A molecular phylogenetic study of armoured scale insects (Hemiptera: Diaspididae)

Authors

  • Geoffrey E. Morse,

    1. Graduate Program in Organismic and Evolutionary Biology and Department of Plant, Soil, and Insect Sciences, University of Massachusetts, Amherst, Massachusetts, U.S.A.
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    • *

      Present address: Department of Entomology, University of California, Davis, California, U.S.A.

  • Benjamin B. Normark

    Corresponding author
    1. Graduate Program in Organismic and Evolutionary Biology and Department of Plant, Soil, and Insect Sciences, University of Massachusetts, Amherst, Massachusetts, U.S.A.
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  • Unpublished for the purposes of zoological nomenclature (Art. 8.2. ICZN)

Benjamin B. Normark, Department of PSIS, Fernald Hall, University of Massachusetts, Amherst, MA 01003, U.S.A. E-mail: bnormark@ent.umass.edu

Abstract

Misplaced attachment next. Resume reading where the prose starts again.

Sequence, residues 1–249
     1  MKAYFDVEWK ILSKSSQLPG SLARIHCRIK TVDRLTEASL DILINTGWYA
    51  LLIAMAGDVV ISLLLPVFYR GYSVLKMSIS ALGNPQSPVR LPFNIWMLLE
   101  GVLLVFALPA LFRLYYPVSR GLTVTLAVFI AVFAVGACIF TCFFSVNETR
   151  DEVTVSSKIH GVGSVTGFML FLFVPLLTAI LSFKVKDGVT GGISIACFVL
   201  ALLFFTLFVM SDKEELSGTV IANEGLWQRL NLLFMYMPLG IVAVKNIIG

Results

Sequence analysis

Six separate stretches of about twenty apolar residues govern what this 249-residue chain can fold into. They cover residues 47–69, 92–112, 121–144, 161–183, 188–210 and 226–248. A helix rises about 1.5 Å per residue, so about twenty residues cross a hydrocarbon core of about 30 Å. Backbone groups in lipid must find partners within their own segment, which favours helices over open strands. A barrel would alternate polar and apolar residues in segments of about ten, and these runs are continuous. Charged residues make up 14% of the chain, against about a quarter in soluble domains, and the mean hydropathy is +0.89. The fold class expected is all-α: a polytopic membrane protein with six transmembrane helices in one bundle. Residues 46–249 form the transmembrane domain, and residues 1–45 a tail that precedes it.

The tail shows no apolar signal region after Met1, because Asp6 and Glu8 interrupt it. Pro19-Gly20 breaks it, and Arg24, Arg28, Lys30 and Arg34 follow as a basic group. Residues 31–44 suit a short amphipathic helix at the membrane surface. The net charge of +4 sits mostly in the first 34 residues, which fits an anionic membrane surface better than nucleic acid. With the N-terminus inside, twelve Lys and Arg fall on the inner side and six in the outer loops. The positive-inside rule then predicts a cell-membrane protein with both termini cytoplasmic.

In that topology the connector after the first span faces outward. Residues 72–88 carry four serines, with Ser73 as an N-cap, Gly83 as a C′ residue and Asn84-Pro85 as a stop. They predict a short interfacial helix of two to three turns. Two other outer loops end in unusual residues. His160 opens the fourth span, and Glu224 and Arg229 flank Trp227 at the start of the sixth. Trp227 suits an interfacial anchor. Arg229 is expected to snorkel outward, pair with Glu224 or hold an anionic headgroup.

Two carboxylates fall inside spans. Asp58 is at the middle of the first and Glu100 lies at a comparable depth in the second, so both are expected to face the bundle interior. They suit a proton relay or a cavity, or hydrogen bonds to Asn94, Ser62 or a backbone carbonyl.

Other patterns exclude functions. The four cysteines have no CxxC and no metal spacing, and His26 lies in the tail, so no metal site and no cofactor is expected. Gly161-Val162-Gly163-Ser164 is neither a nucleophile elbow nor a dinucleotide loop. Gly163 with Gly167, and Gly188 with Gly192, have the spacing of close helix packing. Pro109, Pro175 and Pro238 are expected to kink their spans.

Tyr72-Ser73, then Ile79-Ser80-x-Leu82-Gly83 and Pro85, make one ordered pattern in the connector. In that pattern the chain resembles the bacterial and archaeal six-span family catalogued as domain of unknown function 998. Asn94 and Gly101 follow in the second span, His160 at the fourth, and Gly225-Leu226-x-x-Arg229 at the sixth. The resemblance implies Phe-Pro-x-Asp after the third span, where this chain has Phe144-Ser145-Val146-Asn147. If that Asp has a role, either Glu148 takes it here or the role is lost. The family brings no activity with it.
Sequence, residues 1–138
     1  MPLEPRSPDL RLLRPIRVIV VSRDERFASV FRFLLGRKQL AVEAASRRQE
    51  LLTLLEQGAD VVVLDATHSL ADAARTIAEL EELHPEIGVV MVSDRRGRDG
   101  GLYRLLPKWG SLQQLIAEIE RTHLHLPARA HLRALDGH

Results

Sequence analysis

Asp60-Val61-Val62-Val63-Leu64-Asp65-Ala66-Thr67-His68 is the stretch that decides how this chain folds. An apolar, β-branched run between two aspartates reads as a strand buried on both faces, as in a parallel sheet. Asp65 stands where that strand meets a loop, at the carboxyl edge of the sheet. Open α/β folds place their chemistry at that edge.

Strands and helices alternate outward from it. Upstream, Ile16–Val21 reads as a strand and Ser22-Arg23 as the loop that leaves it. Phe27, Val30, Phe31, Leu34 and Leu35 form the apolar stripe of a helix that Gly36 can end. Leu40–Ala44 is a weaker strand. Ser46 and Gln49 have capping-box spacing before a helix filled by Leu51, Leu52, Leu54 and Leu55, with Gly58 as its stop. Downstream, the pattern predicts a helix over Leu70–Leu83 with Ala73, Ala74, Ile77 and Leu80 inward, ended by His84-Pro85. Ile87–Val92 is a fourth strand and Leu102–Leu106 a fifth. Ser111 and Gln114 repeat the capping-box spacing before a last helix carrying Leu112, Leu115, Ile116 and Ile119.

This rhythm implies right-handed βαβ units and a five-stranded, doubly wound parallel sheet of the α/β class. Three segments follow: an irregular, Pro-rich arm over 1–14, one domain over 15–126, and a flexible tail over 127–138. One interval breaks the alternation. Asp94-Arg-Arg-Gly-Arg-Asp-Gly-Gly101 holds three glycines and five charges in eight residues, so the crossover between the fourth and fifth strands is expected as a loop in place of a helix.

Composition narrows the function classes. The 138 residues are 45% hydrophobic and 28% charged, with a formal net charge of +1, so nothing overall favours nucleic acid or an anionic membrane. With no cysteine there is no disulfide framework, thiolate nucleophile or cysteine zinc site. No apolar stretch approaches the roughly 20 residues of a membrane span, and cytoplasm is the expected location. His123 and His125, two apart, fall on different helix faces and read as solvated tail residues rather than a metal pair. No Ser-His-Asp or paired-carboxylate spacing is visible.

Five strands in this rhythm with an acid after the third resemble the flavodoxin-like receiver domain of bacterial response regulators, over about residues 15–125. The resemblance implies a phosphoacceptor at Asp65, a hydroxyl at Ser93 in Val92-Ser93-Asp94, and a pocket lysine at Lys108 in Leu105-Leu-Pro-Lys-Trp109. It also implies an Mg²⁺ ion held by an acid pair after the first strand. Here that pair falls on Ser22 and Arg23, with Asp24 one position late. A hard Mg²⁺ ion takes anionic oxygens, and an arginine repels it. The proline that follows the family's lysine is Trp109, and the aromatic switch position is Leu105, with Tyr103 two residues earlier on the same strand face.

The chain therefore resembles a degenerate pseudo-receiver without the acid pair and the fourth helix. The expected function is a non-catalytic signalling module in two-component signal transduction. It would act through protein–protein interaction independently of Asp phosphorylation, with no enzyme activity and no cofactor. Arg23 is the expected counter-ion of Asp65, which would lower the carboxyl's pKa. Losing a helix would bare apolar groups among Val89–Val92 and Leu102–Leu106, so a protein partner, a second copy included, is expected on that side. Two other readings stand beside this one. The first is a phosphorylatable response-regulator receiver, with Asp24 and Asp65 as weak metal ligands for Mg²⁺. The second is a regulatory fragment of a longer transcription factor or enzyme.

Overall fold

Abstract.  Armoured scale insects are economically important parasites of woody plants and grasses. They are promising subjects for the evolutionary study of physiology (no complete gut), genetics (chimerism, paternal genome elimination, frequent parthenogenesis) and coevolution (with host plants, parasitoids, Septobasidium fungi, endosymbiotic bacteria). Little phylogenetic work has been accomplished with armoured scales, and uncertainty surrounds their classification. Here, we report the phylogenetic results of Bayesian and parsimony analyses of 705 base pairs of Elongation Factor 1α and 660 base pairs of 28S from eighty-nine species of armoured scale insects, representing forty-seven genera and five tribes in the subfamilies Diaspidinae and Aspidiotinae, together with two outgroups. 28S was aligned based on a secondary structural model. Our results broadly corroborate the major features of the existing classification, although we do not find perfect monophyly of any of the traditionally recognized subfamilies or tribes. The subfamily Aspidiotinae is paraphyletic with respect to the subfamily Diaspidinae. Diaspidinae consists of two main clades that only roughly correspond to the tribes Lepidosaphidini and Diaspidini. Diaspidini is nearly monophyletic, except that it includes a single aspidiotine species. Other members of the tribe Aspidiotini form a clade, except that the clade includes a single species of Leucaspidini and excludes Maskellia and Pseudaonidia. Our results weakly support the hypothesis that the most recent common ancestor of the Diaspididae had adult females that were permanently enclosed within the derm of the second instar (the pupillarial habit) and had diploid adult males that eliminated their paternal genomes during spermatogenesis (late paternal genome elimination).

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